Stop F@cking Fighting!: Having Kids Back to Back Was Not My Best Move

Listen, I get it. Kids fight at every age and no matter how far apart they are in years.

But honestly, would it have been better if I hadn’t given birth to them, practically one right after the other? Maybe they’re just too close in age, too similar. Perhaps they have so much in common, and are of similar emotional and intellectual maturity, that they just can’t help but constantly fight with each other?

It’s like a war zone in this house some days. Which is weird because we have just as many days when the kids are in perfect harmony. They adore each other! That much is clear. It just so happens that they also kind of despise each other. They’re six and eight years old, so the kind of fighting they do is not yet the concerning, aggressive kind. It’s more like them calling each other doo doo heads, antagonizing each other’s avatars on Roblox, or blowing up each other’s inventory sheds in Minecraft to aggravate and annoy each other.

My husband and I are both huge advocates of therapy and utilize it ourselves. So, our kids are constantly hearing “therapy speak” around the house. One thing that adds a bit of comic relief to these fights that break out between the kids is to overhear them shout mental health buzzwords at each other:

You’re not respecting my boundaries!

Well, you didn’t respect my boundaries FIRST!

I’m going to my room to process what you just said to me. Do not follow me!

Oh yeah! Well, I’m going to MOMMY’s room to process my feelings TOO!

As funny as the words are, it’s still overwhelming and stressful to hear them bickering with each other. Especially since the majority of the things they argue about feel—to my adult mind—trite and unnecessary.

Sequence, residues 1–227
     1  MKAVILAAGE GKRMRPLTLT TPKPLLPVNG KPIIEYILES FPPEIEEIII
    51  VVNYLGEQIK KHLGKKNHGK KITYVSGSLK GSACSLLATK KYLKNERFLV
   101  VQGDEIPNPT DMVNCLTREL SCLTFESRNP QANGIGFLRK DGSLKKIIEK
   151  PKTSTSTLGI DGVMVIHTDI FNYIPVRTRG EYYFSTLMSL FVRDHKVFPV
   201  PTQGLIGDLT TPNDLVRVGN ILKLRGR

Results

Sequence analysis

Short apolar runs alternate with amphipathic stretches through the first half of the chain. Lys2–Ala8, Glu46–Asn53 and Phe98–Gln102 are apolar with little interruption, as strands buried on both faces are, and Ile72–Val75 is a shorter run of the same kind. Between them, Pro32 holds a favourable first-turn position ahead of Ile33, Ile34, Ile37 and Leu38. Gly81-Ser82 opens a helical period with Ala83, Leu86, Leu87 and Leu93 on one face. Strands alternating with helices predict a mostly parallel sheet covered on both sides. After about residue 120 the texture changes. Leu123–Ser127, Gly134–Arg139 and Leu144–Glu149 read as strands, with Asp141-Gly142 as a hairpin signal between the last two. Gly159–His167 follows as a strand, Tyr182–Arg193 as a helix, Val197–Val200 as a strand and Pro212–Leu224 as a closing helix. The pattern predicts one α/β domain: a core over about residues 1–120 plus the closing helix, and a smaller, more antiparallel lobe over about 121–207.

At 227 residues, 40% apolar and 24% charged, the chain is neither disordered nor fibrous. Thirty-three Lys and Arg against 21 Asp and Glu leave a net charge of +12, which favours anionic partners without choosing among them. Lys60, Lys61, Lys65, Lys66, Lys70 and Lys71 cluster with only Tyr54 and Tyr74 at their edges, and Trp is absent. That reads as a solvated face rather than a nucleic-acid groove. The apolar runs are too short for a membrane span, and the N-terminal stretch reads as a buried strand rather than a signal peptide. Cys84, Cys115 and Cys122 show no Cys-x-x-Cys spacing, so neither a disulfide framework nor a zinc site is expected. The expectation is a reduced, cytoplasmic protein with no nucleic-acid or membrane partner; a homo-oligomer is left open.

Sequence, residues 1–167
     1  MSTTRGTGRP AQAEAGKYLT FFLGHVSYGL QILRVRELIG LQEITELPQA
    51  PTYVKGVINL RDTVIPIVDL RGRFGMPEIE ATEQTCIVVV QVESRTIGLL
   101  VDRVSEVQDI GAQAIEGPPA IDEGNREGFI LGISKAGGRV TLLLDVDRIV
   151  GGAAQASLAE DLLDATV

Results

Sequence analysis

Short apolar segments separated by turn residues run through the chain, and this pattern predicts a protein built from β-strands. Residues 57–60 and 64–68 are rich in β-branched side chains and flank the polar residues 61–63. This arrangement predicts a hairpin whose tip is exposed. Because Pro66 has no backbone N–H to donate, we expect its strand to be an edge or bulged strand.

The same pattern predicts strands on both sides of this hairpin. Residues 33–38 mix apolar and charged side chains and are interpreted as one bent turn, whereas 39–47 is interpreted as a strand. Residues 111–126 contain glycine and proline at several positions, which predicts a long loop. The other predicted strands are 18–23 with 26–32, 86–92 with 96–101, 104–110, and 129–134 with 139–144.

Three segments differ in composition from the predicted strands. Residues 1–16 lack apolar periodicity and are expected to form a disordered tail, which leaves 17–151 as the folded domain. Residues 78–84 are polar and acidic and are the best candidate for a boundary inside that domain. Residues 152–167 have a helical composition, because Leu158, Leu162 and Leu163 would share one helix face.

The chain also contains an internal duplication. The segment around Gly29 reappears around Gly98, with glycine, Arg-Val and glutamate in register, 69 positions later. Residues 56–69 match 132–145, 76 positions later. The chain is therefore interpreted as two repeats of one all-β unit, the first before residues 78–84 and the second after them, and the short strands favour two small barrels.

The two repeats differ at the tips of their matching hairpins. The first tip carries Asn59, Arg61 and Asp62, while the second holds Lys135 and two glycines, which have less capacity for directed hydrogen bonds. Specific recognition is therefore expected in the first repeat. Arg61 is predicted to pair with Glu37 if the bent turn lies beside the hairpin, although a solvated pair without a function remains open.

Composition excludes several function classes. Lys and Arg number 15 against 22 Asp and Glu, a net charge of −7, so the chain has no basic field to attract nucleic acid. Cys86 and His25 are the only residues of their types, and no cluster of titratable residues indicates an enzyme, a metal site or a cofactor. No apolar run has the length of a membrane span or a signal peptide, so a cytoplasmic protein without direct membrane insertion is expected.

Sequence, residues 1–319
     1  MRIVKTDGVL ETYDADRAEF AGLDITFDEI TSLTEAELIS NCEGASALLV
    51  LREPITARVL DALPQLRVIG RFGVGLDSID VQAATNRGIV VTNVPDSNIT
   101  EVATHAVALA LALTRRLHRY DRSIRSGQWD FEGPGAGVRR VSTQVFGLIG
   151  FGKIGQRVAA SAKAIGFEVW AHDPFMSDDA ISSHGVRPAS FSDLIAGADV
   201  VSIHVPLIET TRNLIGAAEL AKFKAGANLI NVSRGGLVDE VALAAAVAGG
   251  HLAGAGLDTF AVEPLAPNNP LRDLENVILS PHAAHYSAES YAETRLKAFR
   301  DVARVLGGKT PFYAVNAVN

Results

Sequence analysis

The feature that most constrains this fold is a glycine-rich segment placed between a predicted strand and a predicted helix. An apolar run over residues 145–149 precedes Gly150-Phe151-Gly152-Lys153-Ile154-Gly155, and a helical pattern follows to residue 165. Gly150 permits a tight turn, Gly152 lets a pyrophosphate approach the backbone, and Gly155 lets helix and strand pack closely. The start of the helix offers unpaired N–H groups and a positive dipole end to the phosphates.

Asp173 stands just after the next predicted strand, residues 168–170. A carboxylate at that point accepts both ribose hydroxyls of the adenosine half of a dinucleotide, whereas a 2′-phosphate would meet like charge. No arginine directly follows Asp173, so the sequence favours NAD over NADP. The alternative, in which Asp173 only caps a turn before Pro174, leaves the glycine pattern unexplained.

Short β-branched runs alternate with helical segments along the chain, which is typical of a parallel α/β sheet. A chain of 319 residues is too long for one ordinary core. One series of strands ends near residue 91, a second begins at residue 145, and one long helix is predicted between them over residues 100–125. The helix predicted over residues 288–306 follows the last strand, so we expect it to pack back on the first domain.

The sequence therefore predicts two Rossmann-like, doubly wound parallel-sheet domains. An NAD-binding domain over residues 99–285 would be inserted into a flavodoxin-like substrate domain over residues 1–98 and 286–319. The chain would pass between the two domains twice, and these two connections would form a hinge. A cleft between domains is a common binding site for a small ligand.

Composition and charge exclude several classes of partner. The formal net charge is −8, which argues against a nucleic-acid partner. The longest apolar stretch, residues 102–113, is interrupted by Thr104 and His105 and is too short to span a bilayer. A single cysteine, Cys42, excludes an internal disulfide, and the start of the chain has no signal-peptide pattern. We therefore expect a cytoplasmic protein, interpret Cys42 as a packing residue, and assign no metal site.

They’re so young, and both of similar cognitive and emotional development. There isn’t one kid who is a little older and wiser who can de-escalate the situation, or just throw his hands up in moody resignation and walk away. They trigger each other, then just keep ramping each other up. And with neither of them old enough to have the skills to self-regulate, these fights often spiral out of control.

As a parent, dealing with these spats has been one of the biggest training grounds for my personal growth. I get triggered by their arguments. I love them both dearly; I so desperately want them to love each other and not fight. So, hearing them upset each other is deeply upsetting to me, too. But as the only one with a fully developed frontal cortex, I have to be the one to regulate myself and help them regulate themselves, too.

I have to first check my own emotions, making sure I calm myself down before I address their fighting. The last thing I want to do is introduce my own dysregulation and chaos to an already tense situation. But shit, it’s hard to do. I don’t have a magic Peace button. I can’t just snap my fingers and feel calm. The only thing I can do is take some breaths, calm my voice, and shove my feelings aside until later. Sometimes that’s easier to do than other times. And sometimes I fail at it.